It's more about what can be done about it now that the problem has become so clear.
Again, sorry if I'm missing something obvious here.
- To clarify, I hate moral quandries when people expect me to have some kind of answer to the quandrie and the stubbornness to stick to it to instead of the flexibility to change my mind or appreciate the fact that there's no easy answer.
A moral quandry is uncertain by definition. They don't have definite answers. People expecting you to have answers are not understanding what a moral quandry is.
- So, I'm having fun, but not in the way some people would want me to have fun I think.
Glad you're having fun.
Maybe these people who are supervising your method of fun can be given a different role in your life? Unless you're hurting someone, you get to enjoy what you enjoy.
I'm pretty sure there are entire forums where people analyze and criticize the inconsistencies in the Star Trek shows by episode, by series and across series.
- Everyone knows what Quark wants and what he's gonna do, so it's all about how they navigate around him.
As the series goes on, Quark gets a bit more 3 dimensional with a bit of back history. A few of the other characters have some interesting back history as well.
I apologize for assuming that you missed the part about Sisko being complicit. I thought that your conclusion would have been different had you taken that into account. I shouldn't have assumed that.
- I really hate moral quandries
Maybe this series isn't your cup of tea? Since I like moral quandries, the writing seems fine to me. In fact, for me, it's better than most since most series don't even try to contain any moral ambiguity.
- I don't think the whole DS9 crew would be willing to take that risk.
I do think the whole crew would be willing to take that risk. I base that on other episodes where the whole crew go on a mission, risking everyone's lives for one person's project or experiment or even their mistake.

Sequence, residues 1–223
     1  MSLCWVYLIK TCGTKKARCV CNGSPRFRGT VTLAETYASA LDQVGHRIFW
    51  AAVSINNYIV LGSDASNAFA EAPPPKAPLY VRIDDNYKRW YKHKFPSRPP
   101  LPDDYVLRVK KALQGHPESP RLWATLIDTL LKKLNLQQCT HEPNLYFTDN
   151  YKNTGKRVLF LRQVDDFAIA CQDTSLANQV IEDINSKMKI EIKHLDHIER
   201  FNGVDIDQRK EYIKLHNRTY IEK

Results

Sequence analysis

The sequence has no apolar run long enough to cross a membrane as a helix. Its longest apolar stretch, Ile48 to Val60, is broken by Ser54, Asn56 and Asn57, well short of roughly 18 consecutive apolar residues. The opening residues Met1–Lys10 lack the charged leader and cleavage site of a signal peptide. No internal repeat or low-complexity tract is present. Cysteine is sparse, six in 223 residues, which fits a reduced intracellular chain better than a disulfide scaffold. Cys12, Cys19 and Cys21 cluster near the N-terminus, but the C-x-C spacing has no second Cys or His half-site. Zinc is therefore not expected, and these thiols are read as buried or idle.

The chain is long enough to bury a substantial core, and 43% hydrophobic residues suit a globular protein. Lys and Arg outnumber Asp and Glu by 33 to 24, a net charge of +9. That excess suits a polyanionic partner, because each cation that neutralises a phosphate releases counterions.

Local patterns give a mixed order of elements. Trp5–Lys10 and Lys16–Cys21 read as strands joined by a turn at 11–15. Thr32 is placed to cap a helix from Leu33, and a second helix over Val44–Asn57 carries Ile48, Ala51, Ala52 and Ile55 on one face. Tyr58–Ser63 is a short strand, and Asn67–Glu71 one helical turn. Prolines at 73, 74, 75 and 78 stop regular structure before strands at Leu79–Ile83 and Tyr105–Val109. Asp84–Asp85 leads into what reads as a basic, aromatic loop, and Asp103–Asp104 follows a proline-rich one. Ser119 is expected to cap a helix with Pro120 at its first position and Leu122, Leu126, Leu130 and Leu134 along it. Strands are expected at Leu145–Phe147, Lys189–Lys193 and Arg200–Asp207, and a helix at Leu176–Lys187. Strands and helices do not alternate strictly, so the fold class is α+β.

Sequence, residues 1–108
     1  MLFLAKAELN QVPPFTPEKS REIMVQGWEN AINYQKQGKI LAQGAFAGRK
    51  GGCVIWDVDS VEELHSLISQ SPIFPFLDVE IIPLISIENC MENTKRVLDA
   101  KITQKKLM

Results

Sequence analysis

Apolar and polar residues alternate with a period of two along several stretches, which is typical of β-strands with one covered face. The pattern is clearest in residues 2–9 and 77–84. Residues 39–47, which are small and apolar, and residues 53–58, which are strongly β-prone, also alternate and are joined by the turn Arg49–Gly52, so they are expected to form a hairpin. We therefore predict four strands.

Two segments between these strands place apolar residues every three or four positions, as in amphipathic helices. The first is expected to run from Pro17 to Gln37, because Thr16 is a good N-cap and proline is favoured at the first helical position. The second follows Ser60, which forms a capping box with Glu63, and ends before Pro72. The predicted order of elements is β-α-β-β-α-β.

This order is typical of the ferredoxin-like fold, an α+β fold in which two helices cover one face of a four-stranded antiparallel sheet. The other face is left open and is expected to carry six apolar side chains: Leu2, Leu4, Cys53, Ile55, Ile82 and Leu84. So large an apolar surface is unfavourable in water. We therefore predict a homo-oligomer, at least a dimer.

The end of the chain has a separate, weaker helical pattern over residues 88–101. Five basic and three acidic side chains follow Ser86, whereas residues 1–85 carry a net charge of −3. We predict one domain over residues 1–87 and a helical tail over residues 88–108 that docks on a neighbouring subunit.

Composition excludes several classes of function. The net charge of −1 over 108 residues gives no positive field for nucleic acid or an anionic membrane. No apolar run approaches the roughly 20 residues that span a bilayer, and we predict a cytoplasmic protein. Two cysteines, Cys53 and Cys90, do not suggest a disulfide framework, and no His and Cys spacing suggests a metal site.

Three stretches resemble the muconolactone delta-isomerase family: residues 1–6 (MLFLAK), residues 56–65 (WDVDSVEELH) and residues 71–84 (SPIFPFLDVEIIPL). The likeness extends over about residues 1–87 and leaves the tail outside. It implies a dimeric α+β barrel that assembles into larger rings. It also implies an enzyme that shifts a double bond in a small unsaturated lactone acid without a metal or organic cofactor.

I pondered whether that was realistic or not while I was watching it. I think there are a couple factors that make it more believable, after thinking about it. This group of people are self-selected to be interested in exploration. They're willing to risk their lives for what they find. Banding together to protect everyone equally is also a survival technique. They're more powerful as a group than individually. If that means defending a bone-headed mistake of one crew member, it's still the guiding principle. Also, while life is still fragile, medical technology is so advanced that dying is less likely. That makes risk-taking slightly less risky.
An episode from TNG had me thinking about the mindset of the crew a lot. In that episode, the crew found several people in cryogenic stasis. One person revived them through one of those bone-headed errors by a crew member, then the rest of the crew had to deal with it. After the doctor fixed all their medical maladies, she said something about them that stayed with me.
"Too afraid to live, too scared to die." or words to that effect.
To me, it meant that the people on the starship had decided what they were willing to die for. It gave them purpose and meaning. They were willing to risk their lives for what they believed in, and that included each other.
- It seemed odd to me for two reasons. One, O’Brien is a military man. The military has a chain of command and its instilled in its members that the chain of command shouldn’t be broken for a whole slew of reasons
You missed a piece in this. When O'Brien went in for his dressing down with Sisko, O'Brien wondered out loud why the transporter wasn't shut down and isolated to O'Brien's com badge location when Sisko realized that O'Brien and his com badge weren't in the same place. O'Brien could not have carried out his plan without assistance from Sisko. Sisko gave a blustery non-answer.
O'Brien wasn't a rogue player here. They all held the same values but were constrained by the Prime Directive. The Prime Directive was the rule that they didn't interfere with other cultures. The Prime Directive is a metaphor of people who go into other cultures and change their cultures for the worse, as was blamed on the Christians in the case of some native cultures.
If Sisko knew about and could stop O'Brien in a second but allowed his actions, was Sisko complicit in the crime?